That we may have room in our hearts and homes for refugees and strangers, that we may learn to share our goods and ourselves with the little people loved by God – the poor and the lonely and those who suffer, let us pray: Lord, make us instruments of your love.

That those who don’t know how to forgive, those who have not experienced much happiness in life or whose longings have not been fulfilled may encounter a bit of God’s goodness in our attention and care, let us pray: Lord, make us instruments of your love.

That in our Christian communities we may uplift one another rather than tear down, accept each other with trust and affection, forgive one another from the heart and go forward together in hope and love, let us pray: Lord, make us instruments of your love.

Our gentle God, help us to love you and one another with your measure, that is, without measure,
in Christ Jesus our Lord. Amen.

 
from Liturgies Alive, Models of Celebration,
posted on re-worship.blogspot.nl.


Related topics to explore to your heart’s content

  1. Resources for the 2018 week of prayer for Christian unity which takes place annually from 18 to 24 January.
  2. From the blog: Prayer sheet on Theme: The greatest is love

 

3 Prayers for endings and beginnings

Where do you go from here?
Where do you go from here? (photo: Irene Bom)
 

Here are 3 prayers for happier endings and good beginnings as we approach the end of one year and the start of another.

Go with God.

And if you’re looking for guidance on what to focus on in your walk with God in the coming year, here’s Paul’s advice, from his first letter to the Thessalonians:

16 Always be joyful. 17 Never stop praying. 18 Whatever happens, give thanks, because it is God’s will in Christ Jesus that you do this. 19 Don’t put out the Spirit’s fire. 20 Don’t despise what God has revealed. 21 Instead, test everything. Hold on to what is good.

1 Thessalonians 5:16-21 (God’s Word translation)


A new story

Author of Salvation, write in us a new story.
Erase the sins of the past and create a new narrative,
one in which we seek Your love and justice in this world.
Write a new direction for our lives,
away from the busy-ness
    and cares of the world for success and stability,
and instead plot us towards ways of living Your compassion,
care and grace in the world.

Create new opportunities for us, O God,
to explore and live this adventure of life in bold and daring ways,
in which new insights may unfold for us.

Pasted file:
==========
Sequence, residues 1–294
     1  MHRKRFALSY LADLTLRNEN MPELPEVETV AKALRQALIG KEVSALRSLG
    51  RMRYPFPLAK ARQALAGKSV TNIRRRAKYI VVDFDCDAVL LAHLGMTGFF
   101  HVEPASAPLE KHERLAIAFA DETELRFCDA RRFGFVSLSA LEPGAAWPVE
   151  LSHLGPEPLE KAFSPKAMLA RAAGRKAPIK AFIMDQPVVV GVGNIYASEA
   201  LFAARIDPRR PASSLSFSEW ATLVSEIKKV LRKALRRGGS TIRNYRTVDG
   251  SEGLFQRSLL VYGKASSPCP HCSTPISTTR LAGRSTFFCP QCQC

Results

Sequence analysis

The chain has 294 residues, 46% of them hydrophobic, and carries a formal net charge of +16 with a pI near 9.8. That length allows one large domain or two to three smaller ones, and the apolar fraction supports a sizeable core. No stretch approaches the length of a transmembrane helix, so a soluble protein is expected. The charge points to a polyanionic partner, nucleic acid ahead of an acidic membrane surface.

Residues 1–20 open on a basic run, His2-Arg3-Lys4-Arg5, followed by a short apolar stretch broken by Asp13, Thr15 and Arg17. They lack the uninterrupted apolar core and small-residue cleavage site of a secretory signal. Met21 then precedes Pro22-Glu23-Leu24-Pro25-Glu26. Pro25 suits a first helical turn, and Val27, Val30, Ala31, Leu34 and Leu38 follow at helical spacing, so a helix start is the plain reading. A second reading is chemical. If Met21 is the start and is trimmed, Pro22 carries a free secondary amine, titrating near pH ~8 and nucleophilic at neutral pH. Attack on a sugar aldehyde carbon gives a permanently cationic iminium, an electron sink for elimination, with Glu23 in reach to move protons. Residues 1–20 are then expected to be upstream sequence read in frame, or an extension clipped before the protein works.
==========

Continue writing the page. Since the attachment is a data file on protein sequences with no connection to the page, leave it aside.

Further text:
Grant us the fullness of life by living for others,
as You taught us to love our neighbour as ourselves,
but most of all, may our story be about You,
about Your love for us,
and what Your love for us calls us to do.
In the name of Christ,
who writes the new ending and beginning, we pray.
Amen.

by Rev. Mindi, and posted on her Rev-o-lution blog.


God’s timing

O God of all seasons and senses,
grant us the sense of your timing
to submit gracefully and rejoice quietly
in the turn of the seasons.

In this season of short days and long nights,
of grey and white and cold,
teach us the lessons of endings;
children growing, friends leaving, loved ones dying,
grieving over,
grudges over,
blaming over,
excuses over.

O God, grant us a sense of your timing.

In this season of short days and long nights,
of grey and white and cold,
teach us the lessons of beginnings;
that such waitings and endings may be the starting place,
a planting of seeds which bring to birth
    what is ready to be born –
something right and just and different,
a new song, a deeper relationship, a fuller love –
in the fullness of your time.

O God, grant us the sense of your timing.

by Ted Loder, in Guerrillas of Grace.


Prayer at the threshold

And so we take the ragged fragments,

the patches of darkness
that give shape to the light;
the scraps of desires
unslaked or realized;
the memories of spaces
of blessing, of pain.

And so we gather the scattered pieces

the hopes we carry
fractured or whole;
the struggles of birthing
exhausted, elated;
the places of welcome
that bring healing and life.

And so we lay them at the threshold, God;

bid you hold them, bless them, use them;
ask you tend them, mend them,
transform them
to keep us warm,
make us whole, and send us forth.

by Jan L. Richardson in Through the Advent Door: Entering a Contemplative Christmas, Posted on Prayers and Creeds.


Tip: World in prayer
Their final post for 2017 invites us to pray for everyone and includes a list of every nation, so we can pray for them by name.

 
Other posts in the “3 Prayers” series
3 Prayers to the Sacred Trinity
3 Prayers for Wayfarers
3 Prayers for Refugees